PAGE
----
Considering the geometric outline and projection of a secure image for the ICC, concrete is a natural choice as a prevailing material. In particular, the inclined cones call to mind rocks that correspond to the image of solidity. The entire building shell is made of in situ poured concrete, except for the glazed skin around the patios as second layer behind the perforated outer cladding.
A thin steel column structure linked to the pillars of the glazed façade together with vertical shafts carries pre-stressed concrete footplates. This means that economic spans are used everywhere except the public areas. Because the offices are organized inwards, the building liberates the outer envelope – carried out in two layers – from functional necessities. Accordingly, the applied perforation delivers a universal expression. Its absence of directionality is suited to the envelope and embodies the sculptural approach. By adding reflective pieces of metal to the molding, the polished concrete reads ambiguously between massive and lucid.
The materialization and clean detailing, its connection to the outside via filtered vast views and intimate patios, as well as its stark figure are beyond temporary aesthetics, having emerged as a response to the conditions of a new kind of organization. In this tension, a non-conventional typology that responds to the demand of performing at opposite scales and times exists.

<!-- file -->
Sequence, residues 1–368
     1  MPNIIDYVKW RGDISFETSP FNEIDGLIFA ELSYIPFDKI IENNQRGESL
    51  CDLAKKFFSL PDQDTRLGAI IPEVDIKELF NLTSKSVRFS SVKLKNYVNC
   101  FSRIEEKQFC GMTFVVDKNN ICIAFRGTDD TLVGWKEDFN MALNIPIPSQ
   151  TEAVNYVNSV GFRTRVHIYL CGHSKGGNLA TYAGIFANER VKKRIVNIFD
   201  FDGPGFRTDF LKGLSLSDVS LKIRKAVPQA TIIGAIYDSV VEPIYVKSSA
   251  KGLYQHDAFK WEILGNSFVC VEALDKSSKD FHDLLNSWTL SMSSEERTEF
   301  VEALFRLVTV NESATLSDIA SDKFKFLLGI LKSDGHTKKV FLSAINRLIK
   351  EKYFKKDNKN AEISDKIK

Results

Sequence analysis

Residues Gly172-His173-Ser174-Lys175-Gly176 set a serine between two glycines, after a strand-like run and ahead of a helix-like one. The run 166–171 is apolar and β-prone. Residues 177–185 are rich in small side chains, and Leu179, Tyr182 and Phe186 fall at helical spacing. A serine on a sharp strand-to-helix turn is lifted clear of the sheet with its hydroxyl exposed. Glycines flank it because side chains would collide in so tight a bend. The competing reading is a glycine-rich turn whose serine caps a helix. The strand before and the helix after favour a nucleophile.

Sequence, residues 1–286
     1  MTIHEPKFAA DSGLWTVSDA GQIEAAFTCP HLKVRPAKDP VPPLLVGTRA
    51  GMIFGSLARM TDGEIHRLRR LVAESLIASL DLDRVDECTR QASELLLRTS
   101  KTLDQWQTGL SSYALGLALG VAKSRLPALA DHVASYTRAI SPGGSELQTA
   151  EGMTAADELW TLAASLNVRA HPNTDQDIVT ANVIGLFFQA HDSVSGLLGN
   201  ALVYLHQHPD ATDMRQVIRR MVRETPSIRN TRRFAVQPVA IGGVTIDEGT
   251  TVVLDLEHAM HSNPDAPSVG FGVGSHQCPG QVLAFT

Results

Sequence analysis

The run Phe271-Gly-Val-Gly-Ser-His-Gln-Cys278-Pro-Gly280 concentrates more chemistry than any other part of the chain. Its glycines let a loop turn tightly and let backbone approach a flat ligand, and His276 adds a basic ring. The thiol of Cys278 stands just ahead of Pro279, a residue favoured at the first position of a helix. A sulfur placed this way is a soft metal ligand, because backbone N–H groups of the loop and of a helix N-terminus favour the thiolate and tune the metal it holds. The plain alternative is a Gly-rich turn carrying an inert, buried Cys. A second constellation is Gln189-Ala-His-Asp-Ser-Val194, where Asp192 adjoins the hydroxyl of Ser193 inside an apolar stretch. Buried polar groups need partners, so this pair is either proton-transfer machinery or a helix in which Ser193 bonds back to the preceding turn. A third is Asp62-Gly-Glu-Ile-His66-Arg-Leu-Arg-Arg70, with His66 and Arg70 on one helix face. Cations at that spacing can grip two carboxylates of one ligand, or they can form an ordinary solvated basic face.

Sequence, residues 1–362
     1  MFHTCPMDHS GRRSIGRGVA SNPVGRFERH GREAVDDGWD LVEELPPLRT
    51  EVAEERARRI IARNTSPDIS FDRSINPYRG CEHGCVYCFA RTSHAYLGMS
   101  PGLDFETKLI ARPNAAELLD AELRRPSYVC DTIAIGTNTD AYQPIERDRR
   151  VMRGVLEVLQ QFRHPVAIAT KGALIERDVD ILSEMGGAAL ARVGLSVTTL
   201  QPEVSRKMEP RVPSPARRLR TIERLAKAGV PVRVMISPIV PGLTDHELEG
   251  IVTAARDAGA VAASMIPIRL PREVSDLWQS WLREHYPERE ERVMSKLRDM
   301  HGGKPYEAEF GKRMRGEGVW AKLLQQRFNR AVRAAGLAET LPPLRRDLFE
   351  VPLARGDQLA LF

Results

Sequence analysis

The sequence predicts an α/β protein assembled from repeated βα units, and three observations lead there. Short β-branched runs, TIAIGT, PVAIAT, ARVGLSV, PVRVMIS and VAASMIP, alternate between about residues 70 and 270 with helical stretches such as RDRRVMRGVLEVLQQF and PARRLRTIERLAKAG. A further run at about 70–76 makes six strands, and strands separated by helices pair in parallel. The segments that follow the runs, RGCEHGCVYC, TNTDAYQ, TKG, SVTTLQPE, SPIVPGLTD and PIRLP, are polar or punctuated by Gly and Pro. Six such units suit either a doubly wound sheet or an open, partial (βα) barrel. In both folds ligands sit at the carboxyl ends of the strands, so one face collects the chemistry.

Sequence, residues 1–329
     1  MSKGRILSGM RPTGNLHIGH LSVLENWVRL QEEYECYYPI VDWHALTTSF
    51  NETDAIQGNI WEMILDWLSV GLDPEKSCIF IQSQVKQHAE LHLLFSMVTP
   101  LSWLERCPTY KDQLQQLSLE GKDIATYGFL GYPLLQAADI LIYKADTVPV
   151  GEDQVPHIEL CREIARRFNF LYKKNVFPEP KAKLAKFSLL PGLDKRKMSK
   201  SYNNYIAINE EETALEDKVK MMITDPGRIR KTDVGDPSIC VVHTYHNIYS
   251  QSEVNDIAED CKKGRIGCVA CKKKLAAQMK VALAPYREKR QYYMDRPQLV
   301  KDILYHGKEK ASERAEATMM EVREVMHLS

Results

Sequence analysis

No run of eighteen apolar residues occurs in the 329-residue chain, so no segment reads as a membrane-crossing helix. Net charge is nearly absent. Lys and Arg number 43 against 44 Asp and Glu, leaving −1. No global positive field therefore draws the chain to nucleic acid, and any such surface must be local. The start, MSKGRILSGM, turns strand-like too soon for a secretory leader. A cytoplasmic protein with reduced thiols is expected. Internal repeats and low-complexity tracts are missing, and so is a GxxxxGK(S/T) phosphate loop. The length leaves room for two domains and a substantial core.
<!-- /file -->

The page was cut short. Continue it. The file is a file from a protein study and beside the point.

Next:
The entire elevation of the ICC towards the city turns into an iconographic imagery for the formal square, where news coverage and gatherings are anticipated. Its alternating contours are seen as a dynamic response to the self-evident request of and for the media presence. The demand for different dispositions and intensities of light exposure is achieved by a system of LEDs inserted in the compressed sand covered surface.
In return for taking a large building footprint, a pleasure garden creates the interface between the edifice and its close surrounding. Its geometry and lines relate to the different concerns of logistics, security and separated outdoor areas. Borders and routes can be arranged as a kind of camouflage, just as the box-trimmed hedges define a progression of places by connecting them at carefully chosen points. Visitors, staff members and the public are invited to enwrap, reflect and relax while taking a stroll through the enfilage. Knowing that The Hague is derived from ‘The Count’ s Hedge’, can be seen as a local acknowledgment or nice coincidence.
Beyond their functional aspect, the patios give a contemplative mood in the middle of highest concentration, exertion, defense and offence. As voids they are charged with botanical patterns that work on two perspectives and scales. At eye height they vitalize as flowering meadow, from the top view the image of the framed ‘flower carpets’ resemble a picture gallery. The final ‘far sight’ from the outdoors terraces in-between the lit cones on the roof levels completes the polychromatic experiences produced by the entire ICC complex.